GMO greenhouse barley well accepted
Mäntylä suggested a big advantage of having dry seed as the storage system for the protein is that seed can be stored for years before extraction of the protein occurs. Extraction is not that complicated, according to Mäntylä, as it basically involves milling the seed and using biochemistry processes.
click image to zoomRich KellerGreenhouse where only GM barley is grown from seedling to harvested seed. In a 2,000 square meter greenhouse in an ancient lava field, surrounded almost entirely by volcanic basalt rock with moss growing on it, parent GM barley sprouts are planted in pots on a slow moving conveyor. The temperature is controlled by geothermal hot water heating pipes and the lighting is supplied by geothermal-produced electricity from a power plant a couple miles away.
Iceland’s geothermal heating and electric companies pride themselves on the reliability of their networks; therefore, the greenhouse doesn’t have outages that could endanger three months of production, even though the freezing winter winds will howl at 70 miles per hour at times.
An additional 4,000 square meters of greenhouses are located on Iceland for protein production, research of GMO protein platforms and new product development.
As for the expansion of the company’s products, moving into skin care protein production became a goal after the company’s research staff determined they could produce proteins that the skin naturally contains, and the GM barley-produced protein has the ability to rejuvenate the skin. “It is like vitamins for the skin,” Mäntylä explained.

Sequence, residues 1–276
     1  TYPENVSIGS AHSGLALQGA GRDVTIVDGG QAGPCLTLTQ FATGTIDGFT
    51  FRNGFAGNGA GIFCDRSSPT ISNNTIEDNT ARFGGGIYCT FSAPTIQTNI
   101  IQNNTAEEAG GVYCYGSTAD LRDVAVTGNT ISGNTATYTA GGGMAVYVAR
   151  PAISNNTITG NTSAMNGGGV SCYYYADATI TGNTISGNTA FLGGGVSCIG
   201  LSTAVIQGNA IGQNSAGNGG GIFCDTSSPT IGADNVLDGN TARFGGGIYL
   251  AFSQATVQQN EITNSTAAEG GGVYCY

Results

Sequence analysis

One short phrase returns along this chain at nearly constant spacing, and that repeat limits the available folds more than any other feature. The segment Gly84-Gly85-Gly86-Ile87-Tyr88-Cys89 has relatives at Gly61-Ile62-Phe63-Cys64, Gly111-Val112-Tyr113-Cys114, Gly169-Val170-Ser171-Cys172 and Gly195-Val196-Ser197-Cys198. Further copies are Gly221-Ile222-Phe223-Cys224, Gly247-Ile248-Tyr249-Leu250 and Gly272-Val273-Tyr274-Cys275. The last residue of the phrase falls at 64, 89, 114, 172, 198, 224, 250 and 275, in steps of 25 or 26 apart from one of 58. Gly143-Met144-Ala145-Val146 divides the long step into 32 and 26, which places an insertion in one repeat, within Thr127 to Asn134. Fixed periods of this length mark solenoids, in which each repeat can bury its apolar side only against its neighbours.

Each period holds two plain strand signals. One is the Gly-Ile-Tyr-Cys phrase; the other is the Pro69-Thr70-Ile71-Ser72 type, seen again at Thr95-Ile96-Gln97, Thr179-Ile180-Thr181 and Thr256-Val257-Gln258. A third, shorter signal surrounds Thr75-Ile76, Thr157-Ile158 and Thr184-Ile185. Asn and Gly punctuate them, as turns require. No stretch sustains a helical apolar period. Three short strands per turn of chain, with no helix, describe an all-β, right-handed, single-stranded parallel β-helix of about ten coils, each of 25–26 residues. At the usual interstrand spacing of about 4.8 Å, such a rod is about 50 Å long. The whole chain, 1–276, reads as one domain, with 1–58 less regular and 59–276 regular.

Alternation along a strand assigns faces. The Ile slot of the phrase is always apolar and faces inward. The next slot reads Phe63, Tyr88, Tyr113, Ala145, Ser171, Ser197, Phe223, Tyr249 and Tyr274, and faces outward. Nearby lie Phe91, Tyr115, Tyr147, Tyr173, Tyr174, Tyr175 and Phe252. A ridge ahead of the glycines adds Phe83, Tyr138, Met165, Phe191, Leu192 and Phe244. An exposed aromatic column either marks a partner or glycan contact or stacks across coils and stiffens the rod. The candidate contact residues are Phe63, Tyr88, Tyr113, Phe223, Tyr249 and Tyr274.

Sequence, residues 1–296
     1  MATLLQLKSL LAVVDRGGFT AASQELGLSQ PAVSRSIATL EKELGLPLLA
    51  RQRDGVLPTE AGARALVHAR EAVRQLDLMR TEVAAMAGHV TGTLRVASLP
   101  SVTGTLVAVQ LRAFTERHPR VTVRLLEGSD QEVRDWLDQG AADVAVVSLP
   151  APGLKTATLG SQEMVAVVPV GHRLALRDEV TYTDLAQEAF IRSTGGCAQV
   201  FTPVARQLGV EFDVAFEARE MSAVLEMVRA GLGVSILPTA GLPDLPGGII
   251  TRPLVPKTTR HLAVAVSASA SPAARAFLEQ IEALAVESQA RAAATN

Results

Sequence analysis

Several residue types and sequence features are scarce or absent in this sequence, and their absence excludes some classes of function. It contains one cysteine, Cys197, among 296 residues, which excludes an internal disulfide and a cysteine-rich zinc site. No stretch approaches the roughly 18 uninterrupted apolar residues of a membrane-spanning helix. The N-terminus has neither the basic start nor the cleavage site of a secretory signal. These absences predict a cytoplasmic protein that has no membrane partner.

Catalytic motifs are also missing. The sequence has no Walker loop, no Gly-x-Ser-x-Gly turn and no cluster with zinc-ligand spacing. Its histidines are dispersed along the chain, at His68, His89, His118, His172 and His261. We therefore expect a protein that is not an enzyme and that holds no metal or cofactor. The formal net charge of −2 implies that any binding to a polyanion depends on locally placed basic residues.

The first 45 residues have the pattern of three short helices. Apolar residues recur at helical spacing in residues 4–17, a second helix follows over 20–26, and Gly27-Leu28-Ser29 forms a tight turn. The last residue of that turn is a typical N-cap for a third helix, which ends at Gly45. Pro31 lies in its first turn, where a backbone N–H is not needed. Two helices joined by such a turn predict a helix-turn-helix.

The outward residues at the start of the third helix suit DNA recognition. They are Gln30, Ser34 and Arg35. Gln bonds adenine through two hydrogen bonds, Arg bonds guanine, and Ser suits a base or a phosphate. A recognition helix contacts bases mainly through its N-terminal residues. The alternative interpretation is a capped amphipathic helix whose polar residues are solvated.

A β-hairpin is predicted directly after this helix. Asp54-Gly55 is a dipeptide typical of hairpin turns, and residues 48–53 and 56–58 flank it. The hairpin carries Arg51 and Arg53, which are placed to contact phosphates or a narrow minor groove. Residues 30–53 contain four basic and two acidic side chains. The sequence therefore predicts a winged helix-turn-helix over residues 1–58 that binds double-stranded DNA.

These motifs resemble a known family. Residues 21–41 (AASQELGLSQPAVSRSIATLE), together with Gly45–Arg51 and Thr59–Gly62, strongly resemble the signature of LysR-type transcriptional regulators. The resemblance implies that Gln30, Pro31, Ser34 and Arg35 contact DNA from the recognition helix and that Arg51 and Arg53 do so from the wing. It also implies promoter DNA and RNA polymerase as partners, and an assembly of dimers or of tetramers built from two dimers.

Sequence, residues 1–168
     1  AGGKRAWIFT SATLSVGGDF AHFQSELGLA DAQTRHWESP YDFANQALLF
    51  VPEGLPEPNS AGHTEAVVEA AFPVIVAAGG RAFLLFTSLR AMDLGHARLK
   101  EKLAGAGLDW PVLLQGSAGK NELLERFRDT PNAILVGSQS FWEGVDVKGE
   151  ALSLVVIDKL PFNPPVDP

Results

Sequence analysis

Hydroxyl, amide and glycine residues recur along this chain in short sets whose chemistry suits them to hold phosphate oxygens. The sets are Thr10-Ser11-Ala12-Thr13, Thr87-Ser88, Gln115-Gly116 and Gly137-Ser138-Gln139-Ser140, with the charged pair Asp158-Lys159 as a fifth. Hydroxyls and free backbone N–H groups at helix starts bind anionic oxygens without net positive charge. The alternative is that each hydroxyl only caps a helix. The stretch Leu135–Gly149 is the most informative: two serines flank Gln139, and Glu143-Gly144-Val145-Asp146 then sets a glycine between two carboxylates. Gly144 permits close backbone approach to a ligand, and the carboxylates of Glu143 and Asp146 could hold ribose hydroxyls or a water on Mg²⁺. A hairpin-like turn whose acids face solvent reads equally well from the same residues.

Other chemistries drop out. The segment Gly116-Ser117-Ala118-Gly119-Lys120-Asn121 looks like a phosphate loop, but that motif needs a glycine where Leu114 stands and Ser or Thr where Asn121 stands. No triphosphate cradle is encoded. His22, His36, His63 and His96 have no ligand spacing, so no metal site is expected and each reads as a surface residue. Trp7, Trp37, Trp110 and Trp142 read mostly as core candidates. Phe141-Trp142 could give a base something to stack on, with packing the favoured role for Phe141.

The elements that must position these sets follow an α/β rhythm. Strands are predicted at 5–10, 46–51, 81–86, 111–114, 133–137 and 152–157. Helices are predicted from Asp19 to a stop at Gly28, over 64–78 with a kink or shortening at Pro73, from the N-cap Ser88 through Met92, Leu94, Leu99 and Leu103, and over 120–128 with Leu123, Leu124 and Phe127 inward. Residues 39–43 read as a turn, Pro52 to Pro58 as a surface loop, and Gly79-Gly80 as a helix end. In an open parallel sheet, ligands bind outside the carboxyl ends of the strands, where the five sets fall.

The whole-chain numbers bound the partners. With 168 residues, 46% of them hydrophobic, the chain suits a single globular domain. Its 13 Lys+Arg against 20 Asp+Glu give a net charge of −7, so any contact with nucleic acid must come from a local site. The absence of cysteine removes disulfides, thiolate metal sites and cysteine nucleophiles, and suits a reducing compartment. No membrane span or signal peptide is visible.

Some hurdles had to be overcome because it is difficult to maintain the stability of proteins in skin care products setting on a store shelf at room temperature under high humidity situations, “which is very unfavorable conditions for proteins because they can easily lose their activity,” Mäntylä said.
But the company came up with one product and is expanding its product offerings. The first product “kind of turned the skin care market in Iceland upside down. About 25 percent of women above 30 are using it,” Mäntylä said.
Distribution of the product is now occurring in 22 countries, including the U.S. where Martha Stewart mentioned it and in a manner endorsed it on her television show.
The company’s EGF BIOeffect serum is a skin care product advertised to contain EGF produced in barley plants. “This cellular activator stimulates renewal of skin cells and slows down biological processes of aging.” And this is why the five women in a group of journalists that I traveled with in Iceland were excited about receiving a free sample of the product. The United Kingdom journalists even asked for a second sample. There seemed to be no fear of GMO products in a skin serum.
The Orf Genetics company is the kind of business that promoters of Iceland would like to see established in the country. It is high tech, a fairly high user of energy (which is extremely cheap) and requires minimal labor to produce a high-value product.
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